The eight planets of the solar system (plus Pluto) hog all the attention, but lucky for us, NASA hasn’t forgotten about Ceres, the only dwarf planet that lies within the orbit of Neptune. At home in the asteroid belt (between Mars and Jupiter), Ceres is currently the object of fascination for NASA’s Dawn spacecraft, which first entered the planet’s orbit in March 2015.

A year later, NASA is getting ready to fire up the probe’s Gamma Ray and Neutron Detector (GRaND) to get a better understanding of the elemental composition of Ceres. With water on other planets being all the rage these days, scientists hope they may find a bit of that H2O lingering under the surface of the planet.


Dawn is currently floating around Ceres at about 240 miles above the surface. The probe has already confirmed that the dwarf planet is rich in water. The surface itself is most likely a mixture of water-ice and other solid minerals, but there are big suspicions that an internal ocean of liquid water is flowing below the surface.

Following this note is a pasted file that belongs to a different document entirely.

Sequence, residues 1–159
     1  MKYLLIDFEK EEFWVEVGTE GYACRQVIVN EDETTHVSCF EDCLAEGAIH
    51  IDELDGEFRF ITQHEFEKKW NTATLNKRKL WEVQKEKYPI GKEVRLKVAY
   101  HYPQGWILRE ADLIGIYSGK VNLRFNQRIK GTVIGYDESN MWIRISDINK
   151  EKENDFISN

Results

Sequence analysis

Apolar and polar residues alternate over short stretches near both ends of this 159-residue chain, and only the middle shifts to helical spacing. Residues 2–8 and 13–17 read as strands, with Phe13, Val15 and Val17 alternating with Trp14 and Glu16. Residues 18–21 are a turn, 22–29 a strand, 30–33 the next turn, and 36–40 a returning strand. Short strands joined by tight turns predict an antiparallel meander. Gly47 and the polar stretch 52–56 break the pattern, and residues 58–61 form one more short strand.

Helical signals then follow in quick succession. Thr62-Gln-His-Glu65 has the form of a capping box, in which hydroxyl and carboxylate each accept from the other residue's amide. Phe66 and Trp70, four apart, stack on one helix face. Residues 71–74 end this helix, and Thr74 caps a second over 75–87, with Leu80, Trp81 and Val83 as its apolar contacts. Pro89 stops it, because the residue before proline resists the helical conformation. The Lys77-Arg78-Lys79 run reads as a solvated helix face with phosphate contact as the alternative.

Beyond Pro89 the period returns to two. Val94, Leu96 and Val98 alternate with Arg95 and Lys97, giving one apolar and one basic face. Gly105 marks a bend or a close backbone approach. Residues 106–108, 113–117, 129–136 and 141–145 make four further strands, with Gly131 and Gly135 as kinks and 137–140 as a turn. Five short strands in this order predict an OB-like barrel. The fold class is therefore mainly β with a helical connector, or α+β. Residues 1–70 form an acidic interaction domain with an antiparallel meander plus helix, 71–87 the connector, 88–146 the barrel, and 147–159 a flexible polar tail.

That’s where GRaND comes in — to measure the activity of neutrons and gamma rays produced by cosmic ray interactions on the surface to map out the geochemical makeup of Ceres.

Although the data will only give a view of the topmost three feet of the surface, the data could play a pivotal role in helping scientists better understand the evolution of the planet and — more importantly — confirm whether water exists just below the surface.

Dawn spacecraft

And of course, the presence of liquid water always suggests there may have been — or could still be — signs of organic life. Here’s hoping we find some clues that show us where E.T. has been hiding on Ceres all this time.